Irish energy prices are a considerable amount above the EU average as the government aims to create measures to cap prices. Irish households are currently paying an average of 18% above the EU average before tax is considered. Without tax, Irish residents pay 53% above the EU average which places them at the highest rate in the EU.
There have been over 30 hikes in Irish energy prices since the beginning of 2021 with some providers rising prices on multiple occasions. This current increasing price trend is not sustainably affordable for businesses and households alike. After 2020 being a landmark year for Irish energy prices as prices dropped to €37.46/MWh following the impact of the Covid-19 pandemic we are now experiencing unpredictable highs as EU ministers attempt to further understand how these core groups can begin their green transition.
This is not just a problem in Ireland as countries all around the world from the US to Asia are also reporting increasing energy prices. Wholesale energy prices around the world have risen by 135% since the beginning of the year and this is having a rippling effect throughout society and the business environment.
Main Causes of Energy Hikes
With a global move towards the use of more renewable energy sources evidently required, here we take a look at some of the causes of these rising Irish energy prices:
Increasing Demand Levels
The volatility of the current energy market in Ireland is stemming from the shifting values of supply and demand throughout the country. The majority of industries in Ireland and worldwide have experienced a quicker return to business than was previously expected which is creating a large volume of demand for extra energy.
While the EU and Ireland generally maintain a large fuel supply this has been affected by the aftermath of the Covid-19 pandemic creating skyrocketing fuel price anomalies. This faces a further threat of increased demand during the upcoming winter months with former corporate finance director for Airtricity, Fintan Wheland quoted as saying;
“One of the normal rhythms of gas is that that there’s higher demand in the winter, so the price goes up”
The number of data centres in operation in Ireland has increased by 25% over the past 12 months, meaning there are now 70 data centres accounting for 900 MW of electricity usage. While data centres do possess certain economic benefits such as the creation of jobs in Ireland, the amount of electricity they are currently using and future usage projections is worrying for the energy sector.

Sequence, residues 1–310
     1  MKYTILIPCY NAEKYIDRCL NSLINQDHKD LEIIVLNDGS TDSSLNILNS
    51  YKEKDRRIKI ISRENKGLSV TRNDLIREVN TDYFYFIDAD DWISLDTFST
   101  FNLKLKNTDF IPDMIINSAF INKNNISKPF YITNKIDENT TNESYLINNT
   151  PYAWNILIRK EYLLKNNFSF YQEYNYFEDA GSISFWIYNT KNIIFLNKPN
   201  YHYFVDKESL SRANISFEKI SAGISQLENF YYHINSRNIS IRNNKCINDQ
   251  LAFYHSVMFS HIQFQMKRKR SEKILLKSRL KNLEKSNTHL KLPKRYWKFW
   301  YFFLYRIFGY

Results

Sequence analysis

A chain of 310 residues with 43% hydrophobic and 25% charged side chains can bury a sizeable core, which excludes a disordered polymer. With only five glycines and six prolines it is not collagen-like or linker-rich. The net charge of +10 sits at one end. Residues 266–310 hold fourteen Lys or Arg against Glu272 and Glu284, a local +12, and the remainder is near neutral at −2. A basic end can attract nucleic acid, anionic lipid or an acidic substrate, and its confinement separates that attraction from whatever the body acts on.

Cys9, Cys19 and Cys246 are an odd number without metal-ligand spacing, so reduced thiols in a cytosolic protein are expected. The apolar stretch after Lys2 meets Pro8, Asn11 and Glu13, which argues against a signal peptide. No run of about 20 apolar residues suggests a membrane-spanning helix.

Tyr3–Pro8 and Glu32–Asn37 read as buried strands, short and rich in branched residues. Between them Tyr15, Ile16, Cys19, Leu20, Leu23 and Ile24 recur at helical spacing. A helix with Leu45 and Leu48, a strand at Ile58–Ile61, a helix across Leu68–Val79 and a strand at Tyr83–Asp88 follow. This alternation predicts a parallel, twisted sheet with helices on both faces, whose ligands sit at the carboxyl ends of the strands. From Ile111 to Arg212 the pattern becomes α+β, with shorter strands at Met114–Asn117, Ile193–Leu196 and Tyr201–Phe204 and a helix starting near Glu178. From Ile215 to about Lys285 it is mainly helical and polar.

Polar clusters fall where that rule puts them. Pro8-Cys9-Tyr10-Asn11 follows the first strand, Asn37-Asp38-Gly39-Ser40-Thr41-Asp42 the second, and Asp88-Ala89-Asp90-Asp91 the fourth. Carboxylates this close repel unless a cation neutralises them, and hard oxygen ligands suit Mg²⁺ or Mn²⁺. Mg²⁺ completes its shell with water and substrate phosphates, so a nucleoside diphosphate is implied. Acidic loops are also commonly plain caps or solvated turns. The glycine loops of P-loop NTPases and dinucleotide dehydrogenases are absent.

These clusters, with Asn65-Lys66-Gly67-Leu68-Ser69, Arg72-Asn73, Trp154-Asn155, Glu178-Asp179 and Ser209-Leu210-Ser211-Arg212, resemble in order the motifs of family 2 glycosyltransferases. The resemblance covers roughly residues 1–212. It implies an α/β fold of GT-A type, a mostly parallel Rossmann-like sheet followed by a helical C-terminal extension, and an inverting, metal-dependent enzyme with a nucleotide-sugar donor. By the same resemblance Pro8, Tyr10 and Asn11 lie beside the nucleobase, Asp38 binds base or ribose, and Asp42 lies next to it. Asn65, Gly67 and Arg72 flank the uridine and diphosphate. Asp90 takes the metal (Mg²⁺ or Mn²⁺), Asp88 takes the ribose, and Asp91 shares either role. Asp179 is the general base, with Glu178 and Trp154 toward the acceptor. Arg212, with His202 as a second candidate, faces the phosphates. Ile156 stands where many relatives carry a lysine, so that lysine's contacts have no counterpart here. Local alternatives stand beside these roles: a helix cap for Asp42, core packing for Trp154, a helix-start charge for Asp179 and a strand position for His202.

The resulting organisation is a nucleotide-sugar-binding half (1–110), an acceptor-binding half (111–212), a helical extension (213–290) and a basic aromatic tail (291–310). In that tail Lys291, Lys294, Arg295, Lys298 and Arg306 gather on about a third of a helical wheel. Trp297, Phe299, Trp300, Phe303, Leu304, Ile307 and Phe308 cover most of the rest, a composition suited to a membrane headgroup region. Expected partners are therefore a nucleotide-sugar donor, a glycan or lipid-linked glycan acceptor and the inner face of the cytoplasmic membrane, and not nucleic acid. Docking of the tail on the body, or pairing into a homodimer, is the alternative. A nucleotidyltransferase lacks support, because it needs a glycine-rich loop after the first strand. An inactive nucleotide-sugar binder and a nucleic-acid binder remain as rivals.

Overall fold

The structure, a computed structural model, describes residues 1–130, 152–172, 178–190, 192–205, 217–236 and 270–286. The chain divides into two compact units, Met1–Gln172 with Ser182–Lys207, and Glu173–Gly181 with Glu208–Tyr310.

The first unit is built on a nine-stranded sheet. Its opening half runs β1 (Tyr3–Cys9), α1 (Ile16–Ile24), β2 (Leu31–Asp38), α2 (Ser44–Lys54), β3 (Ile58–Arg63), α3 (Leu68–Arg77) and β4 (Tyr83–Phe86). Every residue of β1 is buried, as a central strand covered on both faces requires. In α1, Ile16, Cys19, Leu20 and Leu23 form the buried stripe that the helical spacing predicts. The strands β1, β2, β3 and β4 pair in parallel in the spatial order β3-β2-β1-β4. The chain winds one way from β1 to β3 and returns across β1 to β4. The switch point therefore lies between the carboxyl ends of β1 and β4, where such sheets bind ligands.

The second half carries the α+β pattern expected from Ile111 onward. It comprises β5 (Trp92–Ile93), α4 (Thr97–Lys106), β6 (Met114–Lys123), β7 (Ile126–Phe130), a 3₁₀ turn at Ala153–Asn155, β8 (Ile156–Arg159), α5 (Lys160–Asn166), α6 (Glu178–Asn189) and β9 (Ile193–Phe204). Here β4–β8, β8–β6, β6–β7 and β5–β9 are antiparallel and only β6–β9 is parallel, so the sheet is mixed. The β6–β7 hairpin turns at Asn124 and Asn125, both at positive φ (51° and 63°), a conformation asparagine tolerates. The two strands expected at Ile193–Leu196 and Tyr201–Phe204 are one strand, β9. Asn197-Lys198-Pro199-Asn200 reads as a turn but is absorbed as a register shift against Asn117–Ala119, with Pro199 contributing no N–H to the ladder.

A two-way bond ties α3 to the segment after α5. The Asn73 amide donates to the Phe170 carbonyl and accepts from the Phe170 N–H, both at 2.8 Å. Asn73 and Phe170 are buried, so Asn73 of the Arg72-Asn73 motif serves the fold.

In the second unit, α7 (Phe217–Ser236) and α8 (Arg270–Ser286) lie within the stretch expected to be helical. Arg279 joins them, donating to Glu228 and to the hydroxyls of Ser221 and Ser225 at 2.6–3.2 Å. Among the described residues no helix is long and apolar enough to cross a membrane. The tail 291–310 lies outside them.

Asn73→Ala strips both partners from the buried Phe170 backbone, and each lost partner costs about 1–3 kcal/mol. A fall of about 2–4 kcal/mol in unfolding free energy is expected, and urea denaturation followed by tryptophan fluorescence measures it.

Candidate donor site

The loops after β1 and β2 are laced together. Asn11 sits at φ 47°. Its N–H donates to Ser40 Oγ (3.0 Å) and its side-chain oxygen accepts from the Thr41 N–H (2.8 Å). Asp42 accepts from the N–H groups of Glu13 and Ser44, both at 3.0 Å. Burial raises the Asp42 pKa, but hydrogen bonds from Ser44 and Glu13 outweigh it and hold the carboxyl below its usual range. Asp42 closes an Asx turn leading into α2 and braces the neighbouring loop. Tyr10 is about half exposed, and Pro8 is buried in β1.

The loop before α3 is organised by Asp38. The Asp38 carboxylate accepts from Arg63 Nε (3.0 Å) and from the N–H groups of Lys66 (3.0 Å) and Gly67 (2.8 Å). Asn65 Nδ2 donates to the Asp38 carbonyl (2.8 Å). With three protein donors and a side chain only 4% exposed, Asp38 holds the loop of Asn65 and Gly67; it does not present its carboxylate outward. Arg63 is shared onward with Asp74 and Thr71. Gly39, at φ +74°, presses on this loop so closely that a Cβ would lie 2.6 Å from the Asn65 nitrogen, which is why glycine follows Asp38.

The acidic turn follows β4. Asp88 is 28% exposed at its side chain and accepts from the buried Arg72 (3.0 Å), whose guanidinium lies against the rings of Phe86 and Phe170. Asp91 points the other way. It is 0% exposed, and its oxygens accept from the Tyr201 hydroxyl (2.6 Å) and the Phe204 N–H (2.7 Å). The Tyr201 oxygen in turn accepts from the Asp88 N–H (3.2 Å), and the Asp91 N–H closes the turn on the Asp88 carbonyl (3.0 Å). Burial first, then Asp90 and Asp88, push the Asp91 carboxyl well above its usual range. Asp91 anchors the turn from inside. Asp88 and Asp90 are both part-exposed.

Along with the current 70 operational data centres, there are another 8 new facilities currently in the construction stage which are also accounting for 250 MW of usage. To put this into perspective the average energy usage of 60 MW for a data centre is similar to the entire energy usage of Kilkenny City.
This is creating a wide range of problems, from increasing Irish energy prices and potential rolling blackouts to a yearly increase in the level of carbon emissions. The increasing demand for these data centres is also putting Ireland’s 2030 Sustainability Roadmap objectives under threat. According to Dr Patrick Bresnihan;
“Achieving ambitious emissions and renewables targets by 2030 will undoubtedly be far more difficult with the addition of more data centres to the grid”.
Problems for Ireland
Even with other countries around the world struggling with similar issues, the process in which Ireland is supplied with energy exacerbates the problem. A large amount of Ireland’s energy is generated from gas power plants which means a rise in gas prices can have an astronomical effect on the cost of power.
Ireland also heavily relies on the east-west interconnector for a large proportion of its energy supply. This is a 500 MW high-voltage direct current submarine and power cable which interconnects the Irish and British electricity markets. Britain themselves are undergoing energy shortages which are further straining Ireland’s potential energy sources.
Solutions for Energy Hikes
There is a strong belief amongst industry experts that making an accelerated switch to renewable energy sources could take some of the pressure from Ireland’s ever-increasing energy prices. At present Ireland’s strategy is focused on the medium to long-term with projections for Ireland to reach its goal of 70% of Ireland’s electricity to be generated from renewable resources by 2030.
As the global market for energy supply continues in its competitive position it raises the question of how the government will intervene and react to this problem in the short term. It is now down to Ireland to create new ways of adopting a more environmentally friendly strategy for energy production to help create a long-term achievable and sustainable plan for the nation.
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